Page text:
Look Around

My mouth hurts. Had a tooth pulled. I couldn’t afford a root canal any time soon, even with insurance, and I was running out of tooth to crown, so the alternative was having it pulled. Back in 2007, a few months before I was laid off, I went to a dentist in Colorado who must have been fresh out of  dental school. He filled one tooth so badly, the bite didn’t settle for more than two months. It wasn’t my first filling, so I knew even after a week that something was wrong. I went back to get it fixed – got the same dentist, didn’t make anything better. In fact, not long after that was the first time that tooth chipped. Just a small fragment, but enough to leave a sharp edge. I could feel the crack in my tooth before the first noticeable chip.

Warm May Day_0234a
Here, something pretty to look at.

It kept chipping here and there for years. May 2011, two months after I got back, 15 months before I’d have insurance, 27 months before I’d be able to use it for a root canal, a big piece broke off. It held steady for a while, but by the end of last year, it was disintegrating at an alarming rate. At my semi-annual checkup, the dentist noted that I’d need to get the root canal and crown soon, or there wouldn’t be anything to fix.

A little sad the tooth was in such bad shape – they gave me a little chest to put it in, so I could leave it under my pillow for the Tooth Fairy. Unfortunately, it came out in pieces, so there wasn’t anything to put in it. Triste.

Wasn’t that exciting? No? Well, you weren’t there with a dentist and dental assistant playing tug-o-war with my head. So there. Still, it could have been so much worse. At least I like my dentist, and usually feel very comfortable there. Almost as comfortable as with my first dentist, who always had a story to share. Had even more when I had gotten accepted to his college alma mater, almost exactly 30 years later. One of his stories included the fact that while he was allowed to take classes, he had to live off-campus; black students weren’t allowed to live on-campus at the time.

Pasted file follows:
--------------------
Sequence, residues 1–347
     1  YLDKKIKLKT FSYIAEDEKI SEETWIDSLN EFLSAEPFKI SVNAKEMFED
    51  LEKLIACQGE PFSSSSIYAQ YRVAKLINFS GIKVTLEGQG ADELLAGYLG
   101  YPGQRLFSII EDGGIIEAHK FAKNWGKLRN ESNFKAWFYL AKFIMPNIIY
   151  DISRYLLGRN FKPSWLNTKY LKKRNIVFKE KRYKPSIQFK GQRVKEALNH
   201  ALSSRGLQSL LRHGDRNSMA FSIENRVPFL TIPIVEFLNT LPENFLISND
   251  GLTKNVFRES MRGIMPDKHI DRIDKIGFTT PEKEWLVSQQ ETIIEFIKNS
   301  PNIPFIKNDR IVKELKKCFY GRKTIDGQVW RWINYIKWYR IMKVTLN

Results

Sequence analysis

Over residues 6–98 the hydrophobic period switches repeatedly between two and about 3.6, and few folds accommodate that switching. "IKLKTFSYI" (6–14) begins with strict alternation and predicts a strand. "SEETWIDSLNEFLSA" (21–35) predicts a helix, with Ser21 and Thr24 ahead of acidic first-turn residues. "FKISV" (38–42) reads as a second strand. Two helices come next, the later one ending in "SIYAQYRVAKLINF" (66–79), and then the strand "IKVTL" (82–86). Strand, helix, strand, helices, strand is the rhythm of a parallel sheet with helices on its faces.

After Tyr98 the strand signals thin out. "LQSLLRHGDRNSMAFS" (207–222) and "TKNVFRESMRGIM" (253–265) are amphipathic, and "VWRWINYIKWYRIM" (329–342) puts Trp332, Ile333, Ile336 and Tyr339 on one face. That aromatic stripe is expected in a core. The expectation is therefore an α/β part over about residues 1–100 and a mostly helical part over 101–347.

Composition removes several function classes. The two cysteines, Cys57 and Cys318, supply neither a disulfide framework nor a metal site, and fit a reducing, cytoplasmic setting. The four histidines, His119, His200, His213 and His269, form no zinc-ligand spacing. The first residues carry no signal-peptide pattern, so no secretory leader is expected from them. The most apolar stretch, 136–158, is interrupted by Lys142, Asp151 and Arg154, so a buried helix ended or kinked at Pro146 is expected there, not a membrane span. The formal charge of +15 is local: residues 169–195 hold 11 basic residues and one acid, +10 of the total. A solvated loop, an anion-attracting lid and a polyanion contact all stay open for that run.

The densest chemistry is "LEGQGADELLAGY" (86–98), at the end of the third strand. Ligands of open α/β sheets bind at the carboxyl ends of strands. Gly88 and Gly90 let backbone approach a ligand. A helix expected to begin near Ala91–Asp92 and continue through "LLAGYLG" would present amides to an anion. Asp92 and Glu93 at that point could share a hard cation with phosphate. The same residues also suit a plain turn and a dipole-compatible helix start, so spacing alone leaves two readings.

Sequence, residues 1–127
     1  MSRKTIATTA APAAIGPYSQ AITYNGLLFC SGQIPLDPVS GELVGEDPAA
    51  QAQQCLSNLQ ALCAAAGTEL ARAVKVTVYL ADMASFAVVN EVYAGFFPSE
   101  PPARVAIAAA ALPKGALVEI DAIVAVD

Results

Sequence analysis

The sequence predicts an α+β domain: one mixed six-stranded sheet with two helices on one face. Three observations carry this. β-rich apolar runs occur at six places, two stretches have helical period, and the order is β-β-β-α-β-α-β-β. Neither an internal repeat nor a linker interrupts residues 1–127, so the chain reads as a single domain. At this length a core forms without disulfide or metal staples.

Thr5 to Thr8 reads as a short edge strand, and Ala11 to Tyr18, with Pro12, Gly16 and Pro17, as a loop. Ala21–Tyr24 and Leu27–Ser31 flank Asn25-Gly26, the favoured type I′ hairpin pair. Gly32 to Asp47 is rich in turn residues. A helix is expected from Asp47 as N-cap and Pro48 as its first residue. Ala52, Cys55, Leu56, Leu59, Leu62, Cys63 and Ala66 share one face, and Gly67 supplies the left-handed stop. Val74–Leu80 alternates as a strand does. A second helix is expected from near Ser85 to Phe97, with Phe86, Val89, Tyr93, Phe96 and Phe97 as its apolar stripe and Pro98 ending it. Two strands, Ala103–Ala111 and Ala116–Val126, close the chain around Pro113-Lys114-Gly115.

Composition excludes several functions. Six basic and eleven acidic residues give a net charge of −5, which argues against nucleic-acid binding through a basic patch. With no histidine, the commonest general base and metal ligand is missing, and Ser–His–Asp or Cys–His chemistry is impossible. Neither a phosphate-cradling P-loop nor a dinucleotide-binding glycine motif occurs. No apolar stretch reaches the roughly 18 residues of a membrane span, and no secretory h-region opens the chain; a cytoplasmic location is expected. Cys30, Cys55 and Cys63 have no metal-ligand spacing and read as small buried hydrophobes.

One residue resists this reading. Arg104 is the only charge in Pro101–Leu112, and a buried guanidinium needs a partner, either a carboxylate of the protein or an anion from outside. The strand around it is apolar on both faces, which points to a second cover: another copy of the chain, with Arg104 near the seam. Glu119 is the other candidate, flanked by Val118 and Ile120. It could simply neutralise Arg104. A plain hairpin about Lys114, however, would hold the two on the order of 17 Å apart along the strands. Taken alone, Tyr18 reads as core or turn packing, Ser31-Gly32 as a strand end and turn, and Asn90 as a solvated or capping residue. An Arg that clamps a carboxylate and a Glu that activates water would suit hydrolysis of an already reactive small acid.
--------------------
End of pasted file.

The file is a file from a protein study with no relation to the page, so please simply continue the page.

But I digress…*

I missed Wednesday. I even had a topic – I was going to write about all the wonders in the world around us. The little things like how a little disk of plastic or hydrophilic gel means I don’t have to wear glasses, or how an invention first seen on Star Trek gives me access to the internet from McDonald’s. Then I realized I would have a hard time stretching that beyond 100 words. So, now what?

Tomorrow is Mother’s Day here in the US. Churches will be filled as if it were Christmas or Easter, restaurants will have special brunches, flowers will be as expensive as they are just before Valentine’s Day. News stories will constantly revolve around mothers, and the sacrifices they’ve made, or maybe some of the less-good things they’ve done. My Facebook feed will be full of pictures and comments about how wonderful someone’s mother is, how much she meant to them, and wishes for her to be happy in heaven.